It is further clear that the control units of FIGS. 9 and 12 can be used for actuation of safety devices in other types of machines or production lines, e.g., in machines which make simple or multiple-layer packs for arrays of cigarettes, cigars, cigarillos or other types of smokers' products. Such machines often employ webs which must be subdivided into discrete blanks. Also, a curling device, a safety device and the control unit of FIG. 9 and/or 12 can be used with equal advantage in machines which convert webs into wrappers of simple or composite filter rod sections or in machines wherein webs are wound onto cigar or cigarillo fillers. Still further, a curling device, a safety device and one or more control units for the safety device can be used in certain types of cigarette, cigar or cigarillo rod making machines to flex webs of cigarette paper, reconstituted tobacco or the like, or in machines which produce bobbins for use in filter cigarette making or the like machines.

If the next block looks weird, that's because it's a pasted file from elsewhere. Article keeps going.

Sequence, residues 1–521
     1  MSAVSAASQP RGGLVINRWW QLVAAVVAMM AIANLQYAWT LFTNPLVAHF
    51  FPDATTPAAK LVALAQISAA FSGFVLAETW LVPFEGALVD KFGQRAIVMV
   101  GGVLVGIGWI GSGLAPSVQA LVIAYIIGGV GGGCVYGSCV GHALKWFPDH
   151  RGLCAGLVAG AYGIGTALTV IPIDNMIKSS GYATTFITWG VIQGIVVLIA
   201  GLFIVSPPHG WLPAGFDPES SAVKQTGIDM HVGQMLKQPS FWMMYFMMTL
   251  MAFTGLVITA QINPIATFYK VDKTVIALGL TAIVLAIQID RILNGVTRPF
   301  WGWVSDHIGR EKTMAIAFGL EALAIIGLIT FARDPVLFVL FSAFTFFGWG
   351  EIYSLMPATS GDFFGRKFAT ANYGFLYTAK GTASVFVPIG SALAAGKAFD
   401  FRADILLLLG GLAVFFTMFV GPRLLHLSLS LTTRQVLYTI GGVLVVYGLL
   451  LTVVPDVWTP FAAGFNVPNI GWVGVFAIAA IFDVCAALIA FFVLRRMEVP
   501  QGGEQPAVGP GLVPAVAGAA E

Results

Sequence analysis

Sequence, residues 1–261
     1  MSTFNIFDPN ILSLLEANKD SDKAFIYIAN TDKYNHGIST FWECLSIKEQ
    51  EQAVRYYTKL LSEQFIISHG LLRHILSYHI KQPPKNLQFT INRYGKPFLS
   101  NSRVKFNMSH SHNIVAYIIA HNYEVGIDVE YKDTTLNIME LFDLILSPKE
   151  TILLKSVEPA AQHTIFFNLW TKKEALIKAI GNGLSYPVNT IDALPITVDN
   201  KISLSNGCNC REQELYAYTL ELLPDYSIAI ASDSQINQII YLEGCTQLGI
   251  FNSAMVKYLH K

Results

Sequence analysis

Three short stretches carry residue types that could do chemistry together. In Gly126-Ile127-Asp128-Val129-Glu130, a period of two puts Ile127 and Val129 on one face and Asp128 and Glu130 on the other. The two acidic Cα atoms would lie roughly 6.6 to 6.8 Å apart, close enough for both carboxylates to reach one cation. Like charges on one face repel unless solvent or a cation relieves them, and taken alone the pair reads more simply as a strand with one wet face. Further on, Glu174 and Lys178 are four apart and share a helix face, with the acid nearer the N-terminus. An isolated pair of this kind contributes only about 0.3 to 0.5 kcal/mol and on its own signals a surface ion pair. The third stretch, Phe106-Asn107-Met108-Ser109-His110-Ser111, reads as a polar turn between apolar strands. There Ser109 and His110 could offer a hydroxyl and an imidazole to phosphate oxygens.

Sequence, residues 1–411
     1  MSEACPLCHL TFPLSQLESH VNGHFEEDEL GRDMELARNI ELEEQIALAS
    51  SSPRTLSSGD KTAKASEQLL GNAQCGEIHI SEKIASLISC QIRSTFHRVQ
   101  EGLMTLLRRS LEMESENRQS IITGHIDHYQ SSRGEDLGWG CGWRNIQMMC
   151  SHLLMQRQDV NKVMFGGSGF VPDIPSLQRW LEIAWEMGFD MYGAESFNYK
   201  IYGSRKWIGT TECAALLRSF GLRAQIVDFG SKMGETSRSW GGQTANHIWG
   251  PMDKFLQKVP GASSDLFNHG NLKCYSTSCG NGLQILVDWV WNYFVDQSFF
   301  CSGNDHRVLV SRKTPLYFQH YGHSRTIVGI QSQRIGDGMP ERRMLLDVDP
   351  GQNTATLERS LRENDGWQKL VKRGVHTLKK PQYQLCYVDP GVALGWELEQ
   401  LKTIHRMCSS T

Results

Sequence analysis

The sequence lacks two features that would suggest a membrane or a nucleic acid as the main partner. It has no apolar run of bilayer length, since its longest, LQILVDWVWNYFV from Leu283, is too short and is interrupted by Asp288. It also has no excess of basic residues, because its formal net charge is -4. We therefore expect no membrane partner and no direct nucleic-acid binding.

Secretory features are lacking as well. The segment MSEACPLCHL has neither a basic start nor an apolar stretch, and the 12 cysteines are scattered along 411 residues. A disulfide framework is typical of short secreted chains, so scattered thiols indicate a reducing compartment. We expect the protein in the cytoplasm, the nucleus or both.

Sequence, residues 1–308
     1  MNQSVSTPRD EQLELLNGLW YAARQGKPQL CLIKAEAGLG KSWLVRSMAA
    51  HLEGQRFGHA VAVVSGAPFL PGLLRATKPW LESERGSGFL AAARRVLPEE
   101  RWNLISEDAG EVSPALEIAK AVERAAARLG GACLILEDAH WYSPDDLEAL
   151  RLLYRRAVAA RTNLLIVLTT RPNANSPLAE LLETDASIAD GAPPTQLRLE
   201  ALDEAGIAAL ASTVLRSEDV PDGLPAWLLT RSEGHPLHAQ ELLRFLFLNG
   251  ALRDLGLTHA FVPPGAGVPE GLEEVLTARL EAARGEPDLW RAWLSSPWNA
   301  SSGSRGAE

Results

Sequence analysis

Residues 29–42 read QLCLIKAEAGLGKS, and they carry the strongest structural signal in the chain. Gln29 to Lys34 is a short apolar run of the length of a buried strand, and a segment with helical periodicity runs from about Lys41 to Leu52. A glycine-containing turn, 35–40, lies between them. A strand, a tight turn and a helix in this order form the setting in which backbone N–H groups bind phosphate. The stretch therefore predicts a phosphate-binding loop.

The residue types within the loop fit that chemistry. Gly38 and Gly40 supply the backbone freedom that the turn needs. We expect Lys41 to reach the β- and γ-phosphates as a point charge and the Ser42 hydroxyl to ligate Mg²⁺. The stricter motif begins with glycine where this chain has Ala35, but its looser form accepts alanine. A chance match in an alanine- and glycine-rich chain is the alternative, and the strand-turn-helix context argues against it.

Without further analysis, the foregoing will so fully reveal the gist of the present invention that others can, by applying current knowlege, readily adapt it for various applications without omitting features which fairly constitute essential characteristics of the generic and specific aspects of our contribution to the art and, therefore, such adaptations should and are intended to be comprehended within the meaning and range of equivalence of the claims.
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|U.S. Classification||493/8, 493/461, 162/255, 162/271|
|1 Sep 1987||AS||Assignment|
Owner name: KORBER AG
Free format text: CHANGE OF NAME;ASSIGNORS:HAUNI-WERKE KORBER & CO. KG (MERGED INTO);KORBER GESELLSCHAFT MIT BESCHRANKTER HAFTUNG (CHANGED TO);REEL/FRAME:004889/0874;SIGNING DATES FROM 19870617 TO 19870713